The late fee that brought down an empire

Techcrunch has a snarky piece on the slow, agonizing death spiral of Blockbuster Video, a demise that precisely no one who has ever rented a video from that soul-sucking borg will mourn. One would have to search high and low for another story of failure this full of incompetence, farce, and hubris. But in the end, the chain’s inevitable decline can be traced back to two crucial events:

1997: Reed Hastings returns Apollo 13 to Blockbuster six weeks overdue, and is dismayed by the $40 late fee.
1998: Reed Hastings founds Netflix.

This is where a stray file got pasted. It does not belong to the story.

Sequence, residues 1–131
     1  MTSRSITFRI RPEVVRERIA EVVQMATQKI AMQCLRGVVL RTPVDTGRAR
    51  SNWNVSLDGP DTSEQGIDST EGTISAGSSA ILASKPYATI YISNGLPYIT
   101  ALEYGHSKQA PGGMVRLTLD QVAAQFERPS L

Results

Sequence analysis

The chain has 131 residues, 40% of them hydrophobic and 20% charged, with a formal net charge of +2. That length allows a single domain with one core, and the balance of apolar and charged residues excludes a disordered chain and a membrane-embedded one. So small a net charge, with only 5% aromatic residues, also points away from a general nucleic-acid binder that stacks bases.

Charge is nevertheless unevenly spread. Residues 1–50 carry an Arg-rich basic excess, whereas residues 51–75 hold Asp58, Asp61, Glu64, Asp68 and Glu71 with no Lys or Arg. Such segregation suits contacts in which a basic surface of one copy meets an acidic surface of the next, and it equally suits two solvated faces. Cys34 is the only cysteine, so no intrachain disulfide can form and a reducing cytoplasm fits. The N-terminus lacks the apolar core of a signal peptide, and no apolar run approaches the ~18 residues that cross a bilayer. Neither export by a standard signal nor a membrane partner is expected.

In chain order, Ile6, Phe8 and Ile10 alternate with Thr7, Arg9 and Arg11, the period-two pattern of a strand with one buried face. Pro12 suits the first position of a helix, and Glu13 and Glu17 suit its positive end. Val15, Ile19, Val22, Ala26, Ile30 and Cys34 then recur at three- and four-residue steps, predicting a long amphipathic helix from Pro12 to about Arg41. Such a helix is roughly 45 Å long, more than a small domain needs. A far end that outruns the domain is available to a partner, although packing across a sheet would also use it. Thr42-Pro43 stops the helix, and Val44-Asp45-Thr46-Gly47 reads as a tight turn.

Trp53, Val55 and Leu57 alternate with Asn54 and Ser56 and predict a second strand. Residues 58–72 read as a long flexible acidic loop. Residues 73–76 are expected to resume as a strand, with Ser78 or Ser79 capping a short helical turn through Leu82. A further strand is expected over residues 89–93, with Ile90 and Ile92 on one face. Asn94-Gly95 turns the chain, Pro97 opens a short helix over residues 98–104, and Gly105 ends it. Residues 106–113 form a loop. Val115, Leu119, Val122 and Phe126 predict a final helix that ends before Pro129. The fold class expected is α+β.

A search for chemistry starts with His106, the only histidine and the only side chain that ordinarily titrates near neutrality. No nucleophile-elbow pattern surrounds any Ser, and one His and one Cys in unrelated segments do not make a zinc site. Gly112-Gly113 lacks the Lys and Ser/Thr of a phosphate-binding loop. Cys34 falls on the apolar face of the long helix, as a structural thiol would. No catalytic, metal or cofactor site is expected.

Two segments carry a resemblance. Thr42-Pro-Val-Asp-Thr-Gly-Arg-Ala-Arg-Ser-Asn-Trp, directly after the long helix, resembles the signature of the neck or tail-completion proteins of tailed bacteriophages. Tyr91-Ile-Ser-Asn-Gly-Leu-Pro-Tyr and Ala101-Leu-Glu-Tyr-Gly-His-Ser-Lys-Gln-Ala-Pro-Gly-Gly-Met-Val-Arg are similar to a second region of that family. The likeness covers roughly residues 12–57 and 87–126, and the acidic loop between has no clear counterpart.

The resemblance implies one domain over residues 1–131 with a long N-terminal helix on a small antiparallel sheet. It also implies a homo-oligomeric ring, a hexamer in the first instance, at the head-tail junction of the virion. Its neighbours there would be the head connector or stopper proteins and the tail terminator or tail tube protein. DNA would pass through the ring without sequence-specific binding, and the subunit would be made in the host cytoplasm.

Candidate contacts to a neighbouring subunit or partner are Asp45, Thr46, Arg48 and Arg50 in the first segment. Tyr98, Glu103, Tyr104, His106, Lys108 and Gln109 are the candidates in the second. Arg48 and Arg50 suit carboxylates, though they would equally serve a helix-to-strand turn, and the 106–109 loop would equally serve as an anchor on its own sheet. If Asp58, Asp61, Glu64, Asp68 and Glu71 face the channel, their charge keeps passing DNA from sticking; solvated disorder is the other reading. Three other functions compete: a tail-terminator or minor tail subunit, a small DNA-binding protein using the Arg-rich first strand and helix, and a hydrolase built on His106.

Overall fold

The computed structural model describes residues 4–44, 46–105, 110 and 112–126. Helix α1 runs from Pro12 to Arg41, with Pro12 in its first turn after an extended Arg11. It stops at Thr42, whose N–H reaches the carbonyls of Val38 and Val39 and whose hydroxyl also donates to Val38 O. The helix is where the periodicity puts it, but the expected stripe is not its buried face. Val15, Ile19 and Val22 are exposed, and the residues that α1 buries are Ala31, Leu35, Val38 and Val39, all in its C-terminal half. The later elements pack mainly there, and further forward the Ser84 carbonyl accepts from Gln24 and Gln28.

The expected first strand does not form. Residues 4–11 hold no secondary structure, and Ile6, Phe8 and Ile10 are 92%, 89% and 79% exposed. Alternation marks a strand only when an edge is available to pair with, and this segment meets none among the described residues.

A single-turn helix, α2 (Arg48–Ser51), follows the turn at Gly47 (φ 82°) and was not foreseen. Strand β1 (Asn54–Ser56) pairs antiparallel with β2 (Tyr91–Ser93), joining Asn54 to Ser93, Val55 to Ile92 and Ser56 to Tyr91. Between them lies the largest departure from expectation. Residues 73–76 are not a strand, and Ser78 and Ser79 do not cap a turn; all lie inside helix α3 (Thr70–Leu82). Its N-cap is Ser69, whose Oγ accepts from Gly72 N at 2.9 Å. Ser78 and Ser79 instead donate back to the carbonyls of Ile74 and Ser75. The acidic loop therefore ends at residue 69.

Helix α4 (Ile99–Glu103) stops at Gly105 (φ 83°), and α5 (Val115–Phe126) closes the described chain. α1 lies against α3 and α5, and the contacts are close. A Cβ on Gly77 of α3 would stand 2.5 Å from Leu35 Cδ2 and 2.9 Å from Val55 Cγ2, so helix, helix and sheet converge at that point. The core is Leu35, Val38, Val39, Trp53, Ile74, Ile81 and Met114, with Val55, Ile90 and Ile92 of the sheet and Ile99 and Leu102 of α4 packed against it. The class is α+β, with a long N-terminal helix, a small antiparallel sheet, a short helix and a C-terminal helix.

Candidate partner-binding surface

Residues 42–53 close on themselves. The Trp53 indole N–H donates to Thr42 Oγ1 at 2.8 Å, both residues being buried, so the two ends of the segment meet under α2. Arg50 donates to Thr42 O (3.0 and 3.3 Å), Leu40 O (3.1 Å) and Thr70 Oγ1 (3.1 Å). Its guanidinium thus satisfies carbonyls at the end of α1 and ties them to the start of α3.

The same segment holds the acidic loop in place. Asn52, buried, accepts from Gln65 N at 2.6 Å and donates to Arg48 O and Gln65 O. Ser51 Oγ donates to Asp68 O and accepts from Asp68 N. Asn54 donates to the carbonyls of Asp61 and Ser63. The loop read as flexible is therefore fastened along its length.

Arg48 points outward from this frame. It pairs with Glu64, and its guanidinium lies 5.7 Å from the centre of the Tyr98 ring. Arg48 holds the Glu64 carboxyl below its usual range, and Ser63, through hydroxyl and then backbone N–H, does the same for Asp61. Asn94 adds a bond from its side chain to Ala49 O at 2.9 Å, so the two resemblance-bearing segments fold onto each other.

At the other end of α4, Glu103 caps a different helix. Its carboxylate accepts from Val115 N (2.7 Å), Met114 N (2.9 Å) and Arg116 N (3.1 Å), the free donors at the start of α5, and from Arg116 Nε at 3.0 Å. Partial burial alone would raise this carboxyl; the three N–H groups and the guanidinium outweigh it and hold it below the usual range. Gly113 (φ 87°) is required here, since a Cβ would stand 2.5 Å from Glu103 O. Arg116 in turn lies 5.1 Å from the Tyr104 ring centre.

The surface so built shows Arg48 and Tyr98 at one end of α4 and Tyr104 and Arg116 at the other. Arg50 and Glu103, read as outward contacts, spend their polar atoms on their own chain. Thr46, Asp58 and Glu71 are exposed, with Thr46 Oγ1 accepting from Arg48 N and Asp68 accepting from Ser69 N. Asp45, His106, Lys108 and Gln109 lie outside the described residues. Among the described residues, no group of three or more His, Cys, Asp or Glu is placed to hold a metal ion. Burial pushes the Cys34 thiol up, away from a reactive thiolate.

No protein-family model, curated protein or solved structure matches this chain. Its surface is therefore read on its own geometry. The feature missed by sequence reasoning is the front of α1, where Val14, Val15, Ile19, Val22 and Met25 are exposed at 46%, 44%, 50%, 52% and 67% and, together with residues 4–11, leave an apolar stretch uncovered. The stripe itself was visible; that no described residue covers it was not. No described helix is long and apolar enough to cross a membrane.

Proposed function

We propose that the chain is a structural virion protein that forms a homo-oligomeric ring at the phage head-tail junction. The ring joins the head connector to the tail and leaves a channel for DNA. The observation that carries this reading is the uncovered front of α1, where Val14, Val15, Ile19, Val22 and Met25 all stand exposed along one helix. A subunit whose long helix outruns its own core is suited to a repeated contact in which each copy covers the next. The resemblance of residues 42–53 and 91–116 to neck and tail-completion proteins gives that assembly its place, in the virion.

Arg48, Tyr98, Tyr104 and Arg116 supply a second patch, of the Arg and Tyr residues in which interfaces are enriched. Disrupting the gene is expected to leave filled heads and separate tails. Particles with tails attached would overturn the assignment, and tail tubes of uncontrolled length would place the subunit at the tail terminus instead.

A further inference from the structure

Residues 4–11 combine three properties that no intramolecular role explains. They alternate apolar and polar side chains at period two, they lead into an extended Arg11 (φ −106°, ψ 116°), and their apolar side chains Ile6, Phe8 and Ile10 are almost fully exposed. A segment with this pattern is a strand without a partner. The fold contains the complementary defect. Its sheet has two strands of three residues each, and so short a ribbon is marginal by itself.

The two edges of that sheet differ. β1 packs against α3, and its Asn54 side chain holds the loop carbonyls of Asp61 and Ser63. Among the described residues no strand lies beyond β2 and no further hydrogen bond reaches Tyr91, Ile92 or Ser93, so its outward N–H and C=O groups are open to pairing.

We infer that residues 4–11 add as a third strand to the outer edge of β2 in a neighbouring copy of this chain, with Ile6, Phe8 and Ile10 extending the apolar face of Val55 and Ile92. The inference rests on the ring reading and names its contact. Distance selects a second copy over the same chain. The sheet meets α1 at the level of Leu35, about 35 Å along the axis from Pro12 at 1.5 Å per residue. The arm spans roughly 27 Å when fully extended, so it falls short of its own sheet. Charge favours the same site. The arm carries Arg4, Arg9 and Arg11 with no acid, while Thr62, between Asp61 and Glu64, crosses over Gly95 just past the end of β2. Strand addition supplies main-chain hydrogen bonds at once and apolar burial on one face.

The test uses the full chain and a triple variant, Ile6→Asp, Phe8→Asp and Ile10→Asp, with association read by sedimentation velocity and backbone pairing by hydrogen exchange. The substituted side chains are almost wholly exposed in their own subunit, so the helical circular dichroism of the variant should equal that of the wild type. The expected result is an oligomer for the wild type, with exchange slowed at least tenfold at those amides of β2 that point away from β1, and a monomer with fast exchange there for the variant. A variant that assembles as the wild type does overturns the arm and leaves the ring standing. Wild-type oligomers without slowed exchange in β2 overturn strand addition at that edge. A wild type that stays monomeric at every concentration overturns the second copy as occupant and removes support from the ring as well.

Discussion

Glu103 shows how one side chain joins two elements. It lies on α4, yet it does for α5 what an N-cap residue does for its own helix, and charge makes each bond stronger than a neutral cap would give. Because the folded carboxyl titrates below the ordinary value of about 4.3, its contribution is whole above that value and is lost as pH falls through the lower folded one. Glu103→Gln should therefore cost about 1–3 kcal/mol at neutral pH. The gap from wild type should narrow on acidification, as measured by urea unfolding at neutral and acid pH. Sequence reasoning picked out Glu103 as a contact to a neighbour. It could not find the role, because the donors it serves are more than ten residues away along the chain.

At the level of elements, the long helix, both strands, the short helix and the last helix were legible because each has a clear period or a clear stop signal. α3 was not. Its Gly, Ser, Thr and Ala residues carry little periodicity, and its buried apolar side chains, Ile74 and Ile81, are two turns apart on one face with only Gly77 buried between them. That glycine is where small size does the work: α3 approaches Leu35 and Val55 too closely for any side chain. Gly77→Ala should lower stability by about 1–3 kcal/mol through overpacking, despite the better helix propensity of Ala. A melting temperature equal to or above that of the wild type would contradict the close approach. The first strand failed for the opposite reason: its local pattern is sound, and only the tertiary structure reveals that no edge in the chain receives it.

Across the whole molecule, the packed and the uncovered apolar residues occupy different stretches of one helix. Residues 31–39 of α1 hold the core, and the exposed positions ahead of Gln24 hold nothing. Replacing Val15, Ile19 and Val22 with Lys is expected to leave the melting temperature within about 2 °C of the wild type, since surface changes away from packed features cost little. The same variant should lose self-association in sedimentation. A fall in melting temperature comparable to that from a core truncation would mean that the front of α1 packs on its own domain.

I actually stuck with Blockbuster longer than most, mainly because once they’d put my beloved local indie video store out of business they were one of the few places left to rent videos. I even signed up for their DVD-by-mail program, which they introduced an astounding six years after Netflix launched. Then for a while we had both memberships because you could still go into the store for that rare emergency rental when you just had to see Blade Runner right away. Also, we had an ancient DVD player and an even older TV — we couldn’t have streamed movies if we’d wanted. In other words, we constituted Blockbuster’s primary demographic: unmotivated Luddites too lazy to upgrade. Not perhaps the foundation upon which to build a thriving business. But finally, about six months ago, after our television literally could no longer receive some channels’ signals, even we caved and bought an HD flat screen and a Blu-Ray player, which made the switch to Netflix Instant inevitable. Seven seasons of Buffy and five seasons of Angel later, my kids don’t know how they ever lived without it.

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